A total of 19 bacterial species were isolated and identified from the different stages of the collected An. culicifacies specimens. In Figure 2, all non-identical 16S sequences are represented with information on stage and sampling locality. According to the number of isolated and identified species, it was shown that the larval stage of the wild-caught samples had a higher diversity with 17 species divided in 12 genera of bacteria: Acinetobacter, Aeromonas, Bacillus, Chryseobacterium, Delftia, Exiguobacterium, Kurthia, Microbacterium, Pseudomonas, Staphylococcus, Thorsellia and Variovorax. In contrast, in wild-caught adults only three species from three genera were identified: Brachybacterium, Pseudomonas and Variovorax. In the newly emerged adults from wild caught larvae four species from three genera of bacteria were identified: Acinetobacter, Bacillus, and Pseudomonas (Table 4).
Table 4

The isolated genera of bacteria from the midgut of An. culicifacies in relation to mosquito life stage and sampling locations

Region

Larvae

Newly emerged adults

Adult females

Iranshahr

Acinetobacter, Aeromonas, Bacillus, Exiguobacterium, Pseudomonas, Staphylococcus

Bacillus, Pseudomonas

Pseudomonas, Variovorax

Anguri

Acinetobacter, Aeromonas, Bacillus, Chryseobacterium, Delftia, Exiguobacterium, Pseudomonas, Thorsellia, Variovorax

Bacillus, Pseudomonas

Pseudomonas

Saraydan

Aeromonas, Kurthia, Microbacterium, Pseudomonas

Acinetobacter, Bacillus

Brachybacterium, Pseudomonas

The genus Pseudomonas was the most frequently isolated bacteria in this study (20/57, 57%) and members of Pseudomonas have been also identified in other malaria vectors [10, 13, 14, 16, 17]. To show the relationship between sequence data and origin of samples, all the sequences belonging to the genus Pseudomonas from An. darlingi, An. gambiae, An. maculipennis and An. stephensi available in GenBank were retrieved and analyzed together with the ones found for An. culicifacies in this study (Figure 3).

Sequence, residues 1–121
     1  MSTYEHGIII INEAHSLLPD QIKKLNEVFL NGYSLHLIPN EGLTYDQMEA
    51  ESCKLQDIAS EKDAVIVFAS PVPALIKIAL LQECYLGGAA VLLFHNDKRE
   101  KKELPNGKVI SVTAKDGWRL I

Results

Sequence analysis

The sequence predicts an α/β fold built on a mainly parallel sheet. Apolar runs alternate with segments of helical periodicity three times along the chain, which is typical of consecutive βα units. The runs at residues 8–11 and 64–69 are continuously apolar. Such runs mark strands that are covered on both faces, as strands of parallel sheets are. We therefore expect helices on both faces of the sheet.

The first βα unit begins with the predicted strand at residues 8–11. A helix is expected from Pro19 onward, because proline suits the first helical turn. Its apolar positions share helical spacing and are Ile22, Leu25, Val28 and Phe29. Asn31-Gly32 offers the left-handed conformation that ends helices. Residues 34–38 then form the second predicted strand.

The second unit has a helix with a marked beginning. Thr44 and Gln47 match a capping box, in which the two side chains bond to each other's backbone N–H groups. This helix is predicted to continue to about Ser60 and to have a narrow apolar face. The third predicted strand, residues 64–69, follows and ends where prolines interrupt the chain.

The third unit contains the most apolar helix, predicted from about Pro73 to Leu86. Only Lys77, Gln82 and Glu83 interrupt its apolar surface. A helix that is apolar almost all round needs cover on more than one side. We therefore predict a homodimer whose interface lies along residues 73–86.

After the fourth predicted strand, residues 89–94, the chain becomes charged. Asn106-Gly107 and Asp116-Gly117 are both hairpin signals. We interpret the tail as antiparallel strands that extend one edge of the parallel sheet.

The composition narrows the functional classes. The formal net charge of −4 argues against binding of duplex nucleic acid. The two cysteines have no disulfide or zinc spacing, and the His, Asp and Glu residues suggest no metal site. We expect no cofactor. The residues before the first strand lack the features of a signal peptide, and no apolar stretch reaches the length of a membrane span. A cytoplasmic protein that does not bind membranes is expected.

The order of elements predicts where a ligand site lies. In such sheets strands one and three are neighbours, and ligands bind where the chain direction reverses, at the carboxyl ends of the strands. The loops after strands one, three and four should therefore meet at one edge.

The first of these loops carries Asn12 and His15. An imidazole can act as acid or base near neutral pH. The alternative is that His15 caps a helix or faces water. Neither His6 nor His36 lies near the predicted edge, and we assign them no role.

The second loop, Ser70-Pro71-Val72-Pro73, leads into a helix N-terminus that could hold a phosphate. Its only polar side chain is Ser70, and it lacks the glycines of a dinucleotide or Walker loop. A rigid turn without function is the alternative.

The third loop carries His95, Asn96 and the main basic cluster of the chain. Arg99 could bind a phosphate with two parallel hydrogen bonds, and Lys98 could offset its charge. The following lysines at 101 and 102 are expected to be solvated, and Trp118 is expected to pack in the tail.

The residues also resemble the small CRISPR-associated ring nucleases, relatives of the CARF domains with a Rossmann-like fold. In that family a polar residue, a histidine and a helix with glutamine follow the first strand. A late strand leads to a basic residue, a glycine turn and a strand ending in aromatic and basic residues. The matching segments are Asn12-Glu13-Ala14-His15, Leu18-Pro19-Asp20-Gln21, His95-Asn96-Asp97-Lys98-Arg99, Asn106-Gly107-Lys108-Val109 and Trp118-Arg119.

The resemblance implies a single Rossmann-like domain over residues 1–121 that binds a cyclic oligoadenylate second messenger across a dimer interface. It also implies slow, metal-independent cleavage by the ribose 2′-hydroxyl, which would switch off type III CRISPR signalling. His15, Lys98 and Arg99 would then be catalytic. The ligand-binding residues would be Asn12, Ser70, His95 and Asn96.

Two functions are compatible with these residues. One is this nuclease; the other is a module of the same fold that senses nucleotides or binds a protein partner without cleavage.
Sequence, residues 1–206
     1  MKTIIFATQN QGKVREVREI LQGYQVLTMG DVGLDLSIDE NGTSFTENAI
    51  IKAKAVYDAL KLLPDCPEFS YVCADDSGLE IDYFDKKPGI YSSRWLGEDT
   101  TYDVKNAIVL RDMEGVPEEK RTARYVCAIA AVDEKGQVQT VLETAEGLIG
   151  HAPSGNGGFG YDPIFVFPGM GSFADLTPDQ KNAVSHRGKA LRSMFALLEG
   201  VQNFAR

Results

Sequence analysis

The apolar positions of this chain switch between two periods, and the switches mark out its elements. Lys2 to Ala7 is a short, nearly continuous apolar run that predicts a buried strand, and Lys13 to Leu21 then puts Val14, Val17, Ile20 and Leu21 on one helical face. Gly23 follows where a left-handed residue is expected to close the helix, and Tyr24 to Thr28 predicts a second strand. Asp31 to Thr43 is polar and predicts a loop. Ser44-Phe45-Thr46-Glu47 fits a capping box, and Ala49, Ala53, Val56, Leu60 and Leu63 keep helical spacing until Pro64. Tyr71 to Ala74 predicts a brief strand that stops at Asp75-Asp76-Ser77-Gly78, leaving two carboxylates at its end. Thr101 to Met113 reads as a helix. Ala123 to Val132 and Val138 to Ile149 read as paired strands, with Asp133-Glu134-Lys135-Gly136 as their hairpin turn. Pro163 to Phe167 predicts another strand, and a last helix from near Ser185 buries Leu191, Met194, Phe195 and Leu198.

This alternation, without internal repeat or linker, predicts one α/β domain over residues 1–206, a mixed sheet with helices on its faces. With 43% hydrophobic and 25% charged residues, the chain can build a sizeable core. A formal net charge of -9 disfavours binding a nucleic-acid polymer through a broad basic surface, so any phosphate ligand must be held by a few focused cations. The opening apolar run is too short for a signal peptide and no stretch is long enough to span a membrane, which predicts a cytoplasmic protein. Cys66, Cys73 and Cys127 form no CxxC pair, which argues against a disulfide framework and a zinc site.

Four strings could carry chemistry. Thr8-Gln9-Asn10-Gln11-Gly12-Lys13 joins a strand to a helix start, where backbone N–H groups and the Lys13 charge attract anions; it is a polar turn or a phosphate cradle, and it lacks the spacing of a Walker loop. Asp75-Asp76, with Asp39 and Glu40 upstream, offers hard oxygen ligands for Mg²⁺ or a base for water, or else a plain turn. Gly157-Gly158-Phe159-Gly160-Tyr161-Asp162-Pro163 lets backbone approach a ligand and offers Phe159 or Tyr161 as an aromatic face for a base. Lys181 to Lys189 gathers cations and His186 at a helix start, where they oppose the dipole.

Figure 3

Phylogenetic analysis of 16S rRNA sequences (~1500 bp) of Pseudomonas strains using Maximum Likelihood (ML) based on the Tamura 3-parameter model[33]from different Anopheles mosquitoes: An. culicifacies from Iran (Ir_Cu; this study), An. darlingi from Brazil (Br_DA; [[13]]), An. gambiae from Kenya (Ke_GA; [[12]]), An. stephensi from India (In_St; [[14]]), An. stephensi from Iran (Ir_St; [[17]]) and An. maculipennis from Iran (Ir_Maculi; [[16]]). Only the significant bootstrap values ( >50%) are shown on the nodes. Scale of genetic distance is shown underneath.

Discussion

Identification of gut bacteria in vector mosquitoes has received notable attention since recent studies suggest that the composition of the vector gut microbiota affects the outcome of mosquito infection with Plasmodium parasites [34, 35]. This corroborates earlier results, for example that some bacteria have a natural anti-Plasmodium effect [10, 11, 36]. Although a number of studies have been carried out to identify the bacterial microbiota of Anopheles mosquitoes, several important vectors remain un-studied. Among those was An. culicifacies, which has been investigated in the current study, and from which aerobic midgut bacteria have been isolated and identified. Strikingly, as seen by the lack of branch length differences between the isolates in Figure 2, many are very similar despite coming from different stages and different areas. This suggests that the bacteria acquired by An. culicifacies is not a random selection, but instead points to possible co-adaptation between bacteria and mosquitoes and/or their breeding waters.